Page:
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Running Other Apps' Siri Shortcuts Through Deep Links in Swift

Siri Shortcuts are definitely my favorite iOS 12 feature. Ever since SiriKit first came out I was very disappointed that you couldn't use it for your own custom commands, but the new Shortcuts app solves this problem. Not only it allows you to create your custom commands, but it also provides a very intuitive UI to allow even non-devs to automate tons of kinds of workflows in their iPhones.

We've all seen how to create a workflow and make your app expose custom actions, but one thing that I haven't seen people mention is that the Shortcuts app exposes several deep links for opening and running shortcuts - meaning that you can make an app that runs other apps' Siri Shortcuts. I used this to make an app run my "Take Picture" shortcut every time I tapped my AirPods.

The URL Scheme for the Shortcuts app is shortcuts://, and you can test all of them by typing them into Safari.

Running a specific Shortcut

shortcuts://run-shortcut?name=[name]&input=[input]

For this deep link, name is the URL-encoded name of the shortcut you're trying to run, and input is the string input of the shortcut, if applicable. (You can type clipboard as the input to use the clipboard's contents!)

To run my "Take Picture" shortcut, we just have to tell iOS to open this deep link:

let shortcut = URL(string: "shortcuts://run-shortcut?name=Take%20Picture")!
UIApplication.shared.open(shortcut, options: [:], completionHandler: nil)


Returning to your app after a Shortcut ends

Running the shortcut is great, but you might have noticed that the deep link has to open the Shortcuts app in order to work. How can we return to our app after the shortcut ends?

Luckily for us, the Shortcuts app supports the x-callback-url standard, which is a standardized way for you to send data to other apps through URLs and get something back - in the shape of another URL. It looks like this:

shortcuts://x-callback-url/run-shortcut?name=[name]&x-success=[url]

When the [name] shortcut succeeds, the Shortcuts app will automatically try to open the URL passed to the x-success argument. This can be any url, and we can use this to return to our app by registering a URL scheme of our own. Assuming that our app is listening to a myapp:// URL scheme, we can make the Shortcuts app route back to our app by running:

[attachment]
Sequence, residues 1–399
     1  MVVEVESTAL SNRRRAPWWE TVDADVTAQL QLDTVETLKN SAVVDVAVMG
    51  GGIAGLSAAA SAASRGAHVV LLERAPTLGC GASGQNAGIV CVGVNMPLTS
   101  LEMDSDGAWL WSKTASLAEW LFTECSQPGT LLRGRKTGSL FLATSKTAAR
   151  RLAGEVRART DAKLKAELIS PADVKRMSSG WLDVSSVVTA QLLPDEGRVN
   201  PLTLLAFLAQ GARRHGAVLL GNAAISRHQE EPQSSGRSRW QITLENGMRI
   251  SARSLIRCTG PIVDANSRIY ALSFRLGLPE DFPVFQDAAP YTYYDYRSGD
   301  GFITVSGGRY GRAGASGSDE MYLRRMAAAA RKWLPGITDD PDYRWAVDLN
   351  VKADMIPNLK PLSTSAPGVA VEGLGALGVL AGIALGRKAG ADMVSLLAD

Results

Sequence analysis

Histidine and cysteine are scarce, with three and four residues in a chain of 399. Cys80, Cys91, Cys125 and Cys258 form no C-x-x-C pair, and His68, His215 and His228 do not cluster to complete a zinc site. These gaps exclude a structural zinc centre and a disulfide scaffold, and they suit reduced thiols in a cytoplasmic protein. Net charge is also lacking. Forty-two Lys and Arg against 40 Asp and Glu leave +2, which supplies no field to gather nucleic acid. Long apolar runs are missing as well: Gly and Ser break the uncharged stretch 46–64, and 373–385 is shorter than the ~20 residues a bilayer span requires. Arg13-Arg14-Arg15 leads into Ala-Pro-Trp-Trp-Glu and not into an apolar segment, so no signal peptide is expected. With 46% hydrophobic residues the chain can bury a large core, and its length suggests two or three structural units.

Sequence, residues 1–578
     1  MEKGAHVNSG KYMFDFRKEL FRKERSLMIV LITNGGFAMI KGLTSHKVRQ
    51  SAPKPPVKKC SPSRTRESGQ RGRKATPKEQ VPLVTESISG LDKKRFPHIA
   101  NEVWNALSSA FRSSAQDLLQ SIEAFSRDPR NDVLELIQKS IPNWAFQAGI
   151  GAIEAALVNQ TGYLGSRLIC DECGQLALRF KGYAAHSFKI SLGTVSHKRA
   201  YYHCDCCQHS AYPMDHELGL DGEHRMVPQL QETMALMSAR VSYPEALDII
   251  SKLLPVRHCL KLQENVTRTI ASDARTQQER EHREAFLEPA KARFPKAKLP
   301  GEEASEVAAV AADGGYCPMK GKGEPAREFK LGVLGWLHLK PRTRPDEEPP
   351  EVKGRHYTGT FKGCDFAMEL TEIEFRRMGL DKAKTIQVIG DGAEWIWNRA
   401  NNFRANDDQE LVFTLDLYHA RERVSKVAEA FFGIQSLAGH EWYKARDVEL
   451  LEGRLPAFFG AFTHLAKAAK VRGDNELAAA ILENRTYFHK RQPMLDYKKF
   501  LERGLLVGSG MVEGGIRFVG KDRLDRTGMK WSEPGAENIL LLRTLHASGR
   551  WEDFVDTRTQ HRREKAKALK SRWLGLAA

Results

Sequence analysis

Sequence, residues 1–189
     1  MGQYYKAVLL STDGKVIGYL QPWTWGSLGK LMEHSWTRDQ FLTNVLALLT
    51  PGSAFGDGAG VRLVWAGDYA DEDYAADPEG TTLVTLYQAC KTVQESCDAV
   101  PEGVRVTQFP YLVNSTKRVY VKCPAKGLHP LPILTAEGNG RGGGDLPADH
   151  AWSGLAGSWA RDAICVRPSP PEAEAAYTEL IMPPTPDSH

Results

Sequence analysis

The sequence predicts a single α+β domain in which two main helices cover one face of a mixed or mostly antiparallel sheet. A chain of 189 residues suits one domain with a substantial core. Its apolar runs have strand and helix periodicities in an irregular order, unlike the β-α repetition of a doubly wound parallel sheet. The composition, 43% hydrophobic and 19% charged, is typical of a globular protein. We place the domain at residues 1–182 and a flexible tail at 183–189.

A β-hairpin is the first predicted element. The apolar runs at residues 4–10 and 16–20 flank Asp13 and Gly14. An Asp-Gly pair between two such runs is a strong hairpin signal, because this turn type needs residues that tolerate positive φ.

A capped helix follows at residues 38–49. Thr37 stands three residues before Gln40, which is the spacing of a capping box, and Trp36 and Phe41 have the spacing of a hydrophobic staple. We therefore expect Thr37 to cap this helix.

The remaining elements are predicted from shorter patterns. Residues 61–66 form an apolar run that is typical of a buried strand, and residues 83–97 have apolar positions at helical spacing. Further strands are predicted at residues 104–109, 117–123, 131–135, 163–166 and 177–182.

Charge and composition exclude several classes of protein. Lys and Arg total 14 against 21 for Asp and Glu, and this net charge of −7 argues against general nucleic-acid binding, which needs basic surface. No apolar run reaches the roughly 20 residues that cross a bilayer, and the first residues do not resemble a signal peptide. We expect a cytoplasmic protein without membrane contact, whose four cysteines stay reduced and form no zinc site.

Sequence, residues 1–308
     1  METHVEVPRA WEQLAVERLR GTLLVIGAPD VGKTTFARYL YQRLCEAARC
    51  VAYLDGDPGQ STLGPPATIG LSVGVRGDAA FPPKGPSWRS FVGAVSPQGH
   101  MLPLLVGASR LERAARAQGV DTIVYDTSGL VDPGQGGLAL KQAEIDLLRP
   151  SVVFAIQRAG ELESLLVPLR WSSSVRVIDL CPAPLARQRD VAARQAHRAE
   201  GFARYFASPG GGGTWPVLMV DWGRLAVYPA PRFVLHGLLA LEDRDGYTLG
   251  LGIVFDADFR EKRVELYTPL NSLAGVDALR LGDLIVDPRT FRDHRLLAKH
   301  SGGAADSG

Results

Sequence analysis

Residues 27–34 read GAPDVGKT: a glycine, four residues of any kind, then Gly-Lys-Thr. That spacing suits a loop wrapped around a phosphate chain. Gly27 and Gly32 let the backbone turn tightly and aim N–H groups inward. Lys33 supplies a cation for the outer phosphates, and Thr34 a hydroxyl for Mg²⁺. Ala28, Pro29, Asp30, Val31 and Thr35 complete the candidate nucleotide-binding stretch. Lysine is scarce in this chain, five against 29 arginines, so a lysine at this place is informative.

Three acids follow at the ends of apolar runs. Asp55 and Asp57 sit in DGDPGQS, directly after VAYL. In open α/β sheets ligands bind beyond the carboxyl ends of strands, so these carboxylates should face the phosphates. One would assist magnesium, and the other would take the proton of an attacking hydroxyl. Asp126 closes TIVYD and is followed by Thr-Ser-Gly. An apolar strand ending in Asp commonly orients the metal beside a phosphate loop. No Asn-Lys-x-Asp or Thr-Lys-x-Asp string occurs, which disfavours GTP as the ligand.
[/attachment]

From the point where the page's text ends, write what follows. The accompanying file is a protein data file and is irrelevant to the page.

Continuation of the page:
let shortcut = URL(string: "shortcuts://x-callback-url/run-shortcut?name=Take%20Picture&x-success=myapp://")!
UIApplication.shared.open(shortcut, options: [:], completionHandler: nil)


Besides x-success, x-cancel and x-error can be used to treat interruptions and errors, respectively.

Other Deep Links

Import a shortcut

shortcuts://import-shortcut?url=[url]&name=[name]

For this specific shortcut, url is the URL for a .shortcut file, and name is the name of the shortcut to be imported. You can also pass &silent=true to this deep link to prevent the shortcuts app from opening the imported shortcut.

This deep link also supports x-callback-url.

Open (not run) a specific shortcut

shortcuts://open-shortcut?name=[name]

Open the Shortcuts app

shortcuts://

Open the Create Shortcut screen

shortcuts://create-shortcut

Open the Shortcuts Gallery

shortcuts://gallery

Search the Shortcuts Gallery

shortcuts://gallery/search?query=[query]

Conclusion

Because there's no way for you to retrieve a list of the user's shortcuts, there are probably not many uses for these deep links in regular apps - but they can be very useful for personal automation projects like my AirPods camera trick. What are you planning to do?

Follow me on my Twitter - @rockthebruno, and let me know of any suggestions and corrections you want to share.

References and Good Reads

x-callback-url
Apple Docs: Shortcuts URL Schemes

Contact Info

Bruno Rocha
Senior iOS Developer
bruno@swiftrocks.com

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